Naked Statistics: Stripping the Dread from the Data by Charles Wheelan
"Ousep Chacko, according to Mariamma Chacko, is the kind of man who has to be killed at the end of a story."
The Illicit Happiness of Other People: A Novel by Manu Joseph
"All hushed, seven of us huddle in a kitchen, stare into a monitor. It’s about to start."
The Reenactments: A Memoir by Nick Flynn
"I returned: to the bleached light
and the birdlife,
miniature, coked, afraid to stop.
To the drowsy jacarandas
getting naked in the street,
and the filaments of carnelian
in the sidewalk cracks.”
The Oracle of Hollywood Boulevard: Poems by Dana Goodyear
“‘O elephant-headed god, son of Lord Shiva and Parvati; scribe who wrote down the Mahabharata from the seer Vyasa’s dictation: Lord Ganesh, look favourably on this endeavor.’
Professor Ved Vyasa Chaturvedi paused, looked out across his audience, and smiled. ‘The god invoked at the start of all compositions. What better way to begin?’”
Leela’s Book: A Novel by Alice Albinia
FIRST LINES FROM NEW BOOKS OUT TODAY: DECEMBER 17, 2012
"If I speak in the spirit of this time, I must say: no one and nothing can justify what I must proclaim to you. Justification is superfluous to me, since I have no choice, but I must. I have learned that in addition to the spirit of this time there is still another spirit at work namely that which rules the depths of everything contemporary."
The Red Book: A Reader’s Edition by C. G. Jung
"Leaving Hyde Park, expunge the cold bulk of Marble Arch. There is no imperial stone, no Victorian cast iron, no post-modern steel; there are no tinted panels of inscrutable glass. Place yourself at the landward fringe, north-west, of an irregular riverside city. You have approached London the wrong way, reversing the route taken by those under sentence of death."
Reprobates: The Cavaliers of the English Civil War by John Stubbs
FIRST LINES FROM NEW BOOKS OUT TODAY: DECEMBER 10, 2012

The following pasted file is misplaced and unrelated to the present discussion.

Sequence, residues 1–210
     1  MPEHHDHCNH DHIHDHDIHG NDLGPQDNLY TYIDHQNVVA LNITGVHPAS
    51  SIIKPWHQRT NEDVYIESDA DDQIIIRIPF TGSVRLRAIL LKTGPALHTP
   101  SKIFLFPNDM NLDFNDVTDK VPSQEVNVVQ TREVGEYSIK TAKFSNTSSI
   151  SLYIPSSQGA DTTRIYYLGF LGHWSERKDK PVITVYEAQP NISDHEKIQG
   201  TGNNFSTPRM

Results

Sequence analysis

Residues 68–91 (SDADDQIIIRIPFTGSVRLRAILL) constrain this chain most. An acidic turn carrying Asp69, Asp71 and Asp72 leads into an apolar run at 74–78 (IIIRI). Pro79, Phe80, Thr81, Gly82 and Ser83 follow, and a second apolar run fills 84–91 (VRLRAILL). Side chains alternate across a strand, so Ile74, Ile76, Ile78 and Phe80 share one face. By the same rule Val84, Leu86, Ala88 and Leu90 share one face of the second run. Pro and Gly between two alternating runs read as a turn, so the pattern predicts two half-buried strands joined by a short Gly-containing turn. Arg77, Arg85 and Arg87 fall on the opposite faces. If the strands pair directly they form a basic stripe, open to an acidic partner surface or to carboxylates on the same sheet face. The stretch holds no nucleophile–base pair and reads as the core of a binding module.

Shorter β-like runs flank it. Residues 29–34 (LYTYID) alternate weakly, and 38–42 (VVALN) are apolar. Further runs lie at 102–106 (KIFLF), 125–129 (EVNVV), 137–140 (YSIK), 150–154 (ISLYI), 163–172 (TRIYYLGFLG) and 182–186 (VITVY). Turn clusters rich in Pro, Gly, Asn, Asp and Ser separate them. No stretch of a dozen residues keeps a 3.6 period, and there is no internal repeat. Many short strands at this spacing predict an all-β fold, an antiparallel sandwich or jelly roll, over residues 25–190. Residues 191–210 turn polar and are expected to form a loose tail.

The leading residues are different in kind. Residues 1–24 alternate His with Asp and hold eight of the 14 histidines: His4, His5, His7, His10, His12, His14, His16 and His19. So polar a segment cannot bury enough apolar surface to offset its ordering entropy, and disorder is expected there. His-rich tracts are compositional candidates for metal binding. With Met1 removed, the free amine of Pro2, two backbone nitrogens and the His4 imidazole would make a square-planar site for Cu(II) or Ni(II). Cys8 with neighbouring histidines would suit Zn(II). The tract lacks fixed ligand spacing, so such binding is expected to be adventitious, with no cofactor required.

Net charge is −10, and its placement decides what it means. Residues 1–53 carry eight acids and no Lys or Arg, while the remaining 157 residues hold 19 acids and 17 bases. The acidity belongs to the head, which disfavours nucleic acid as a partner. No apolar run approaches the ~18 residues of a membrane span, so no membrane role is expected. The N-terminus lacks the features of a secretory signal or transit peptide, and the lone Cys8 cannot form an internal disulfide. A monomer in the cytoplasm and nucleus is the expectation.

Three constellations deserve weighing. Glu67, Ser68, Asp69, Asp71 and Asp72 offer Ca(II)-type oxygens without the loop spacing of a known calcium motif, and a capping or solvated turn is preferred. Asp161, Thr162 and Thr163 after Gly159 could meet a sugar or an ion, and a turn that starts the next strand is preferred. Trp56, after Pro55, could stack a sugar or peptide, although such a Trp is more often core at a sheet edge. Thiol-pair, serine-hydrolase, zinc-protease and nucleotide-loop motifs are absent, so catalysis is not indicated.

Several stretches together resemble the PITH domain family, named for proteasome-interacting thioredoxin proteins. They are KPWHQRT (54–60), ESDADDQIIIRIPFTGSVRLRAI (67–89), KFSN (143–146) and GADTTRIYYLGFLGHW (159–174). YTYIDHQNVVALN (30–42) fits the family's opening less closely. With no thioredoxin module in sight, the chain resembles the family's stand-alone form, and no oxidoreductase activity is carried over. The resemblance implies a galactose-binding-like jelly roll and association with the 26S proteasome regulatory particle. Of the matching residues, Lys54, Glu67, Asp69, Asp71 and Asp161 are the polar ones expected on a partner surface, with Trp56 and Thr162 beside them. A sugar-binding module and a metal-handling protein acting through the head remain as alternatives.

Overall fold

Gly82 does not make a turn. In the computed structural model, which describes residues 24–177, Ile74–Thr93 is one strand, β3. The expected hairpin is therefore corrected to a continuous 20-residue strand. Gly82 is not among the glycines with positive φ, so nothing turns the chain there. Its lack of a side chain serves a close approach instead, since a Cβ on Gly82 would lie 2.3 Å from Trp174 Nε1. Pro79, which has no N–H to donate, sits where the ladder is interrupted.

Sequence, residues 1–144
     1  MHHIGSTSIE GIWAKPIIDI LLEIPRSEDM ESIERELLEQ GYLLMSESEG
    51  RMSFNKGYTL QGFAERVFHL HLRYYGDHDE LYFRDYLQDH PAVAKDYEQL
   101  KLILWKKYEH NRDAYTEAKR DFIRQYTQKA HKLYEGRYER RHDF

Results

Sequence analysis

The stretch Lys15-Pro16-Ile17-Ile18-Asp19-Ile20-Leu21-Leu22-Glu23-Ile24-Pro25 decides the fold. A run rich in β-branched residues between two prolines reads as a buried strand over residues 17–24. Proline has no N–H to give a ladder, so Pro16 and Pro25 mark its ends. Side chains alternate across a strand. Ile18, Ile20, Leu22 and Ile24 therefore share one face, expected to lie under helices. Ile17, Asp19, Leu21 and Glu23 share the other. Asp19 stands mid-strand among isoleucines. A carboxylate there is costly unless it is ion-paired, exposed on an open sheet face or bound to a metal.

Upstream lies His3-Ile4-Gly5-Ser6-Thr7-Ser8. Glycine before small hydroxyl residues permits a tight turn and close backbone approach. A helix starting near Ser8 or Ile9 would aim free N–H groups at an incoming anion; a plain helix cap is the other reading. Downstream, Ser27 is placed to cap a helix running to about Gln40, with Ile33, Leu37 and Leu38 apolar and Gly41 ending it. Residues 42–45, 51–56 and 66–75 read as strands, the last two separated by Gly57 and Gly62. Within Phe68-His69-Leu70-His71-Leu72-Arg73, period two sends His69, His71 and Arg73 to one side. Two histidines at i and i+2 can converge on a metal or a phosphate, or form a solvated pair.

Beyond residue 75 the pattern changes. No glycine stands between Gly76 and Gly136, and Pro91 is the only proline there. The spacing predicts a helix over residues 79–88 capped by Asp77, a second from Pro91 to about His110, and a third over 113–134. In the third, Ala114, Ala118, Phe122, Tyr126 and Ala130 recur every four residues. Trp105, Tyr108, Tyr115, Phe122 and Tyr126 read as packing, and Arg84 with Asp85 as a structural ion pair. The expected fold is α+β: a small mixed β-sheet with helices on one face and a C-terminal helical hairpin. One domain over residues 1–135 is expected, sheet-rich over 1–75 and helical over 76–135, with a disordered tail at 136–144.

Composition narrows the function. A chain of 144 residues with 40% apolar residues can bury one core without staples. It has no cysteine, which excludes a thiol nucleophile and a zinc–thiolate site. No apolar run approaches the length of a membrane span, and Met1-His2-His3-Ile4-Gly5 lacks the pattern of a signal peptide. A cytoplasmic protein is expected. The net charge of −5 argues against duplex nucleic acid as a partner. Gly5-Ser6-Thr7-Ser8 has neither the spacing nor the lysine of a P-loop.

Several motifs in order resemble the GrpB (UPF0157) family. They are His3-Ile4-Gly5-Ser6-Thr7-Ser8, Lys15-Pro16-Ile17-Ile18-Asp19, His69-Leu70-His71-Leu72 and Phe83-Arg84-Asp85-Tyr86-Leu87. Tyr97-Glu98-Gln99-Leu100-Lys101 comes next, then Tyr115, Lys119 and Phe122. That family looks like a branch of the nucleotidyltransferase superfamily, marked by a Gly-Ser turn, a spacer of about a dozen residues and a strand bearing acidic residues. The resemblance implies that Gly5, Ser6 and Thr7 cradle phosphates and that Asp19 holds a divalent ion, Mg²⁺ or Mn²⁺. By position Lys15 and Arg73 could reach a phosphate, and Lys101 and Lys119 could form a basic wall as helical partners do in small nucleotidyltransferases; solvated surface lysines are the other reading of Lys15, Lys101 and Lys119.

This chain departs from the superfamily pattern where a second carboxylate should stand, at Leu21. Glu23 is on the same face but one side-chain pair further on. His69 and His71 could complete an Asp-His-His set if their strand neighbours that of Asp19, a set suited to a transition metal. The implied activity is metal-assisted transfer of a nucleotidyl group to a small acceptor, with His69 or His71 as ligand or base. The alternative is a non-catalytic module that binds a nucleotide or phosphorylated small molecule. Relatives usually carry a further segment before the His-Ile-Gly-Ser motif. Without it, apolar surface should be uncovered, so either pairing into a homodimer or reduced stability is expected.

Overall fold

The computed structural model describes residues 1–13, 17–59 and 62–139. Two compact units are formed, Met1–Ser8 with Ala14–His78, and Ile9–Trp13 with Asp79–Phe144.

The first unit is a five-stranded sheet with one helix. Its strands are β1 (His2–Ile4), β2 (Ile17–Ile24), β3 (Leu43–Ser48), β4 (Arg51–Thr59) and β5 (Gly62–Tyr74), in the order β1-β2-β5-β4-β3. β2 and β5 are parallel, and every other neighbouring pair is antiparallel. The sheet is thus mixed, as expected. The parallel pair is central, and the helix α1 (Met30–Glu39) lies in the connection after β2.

"There is no shortage of material for anyone interested in what the musicologist David Boyden called ‘…the fascinating, arcane and baffling world of the violin.’ In summer 2002, a keyword search for ‘violin’ in the Library of Congress’s online catalogue produced 9,976 titles. A follow-up in the more expansive Research Libraries Information Network produced 104,881."
The Violin: A Social History of the World’s Most Versatile Instrument by David Schoenbaum
"A few weeks before Abraham Lincoln was inaugurated on March 4, 1861, the House of Representatives unanimously approved a resolution declaring that the federal government had no power to abolish slavery in any state."
Freedom National: The Destruction of Slavery in the United States, 1861-1865 by James Oakes
"American culture is nothing if not divided. Or say that it exists in a state of extraordinary tension within itself. It expands; its destiny is, or was, manifest. It moves forward; it grows."
The Southern Journey of Alan Lomax: Words Photographs, and Music by Alan Lomax with an essay by Tom Piazza
"What is the nature of reality, the purpose of the universe, and the meaning of life? Is there any rhyme or reason to the course of human history? Why am I here? Do I have a soul, and if so, how long will it last? What happens when we die? Do we have free will? Why should I be moral? What is love, and why is it unusually inconvenient?"
The Atheist’s Guide to Reality: Enjoying Life Without Illusions by Alex Rosenberg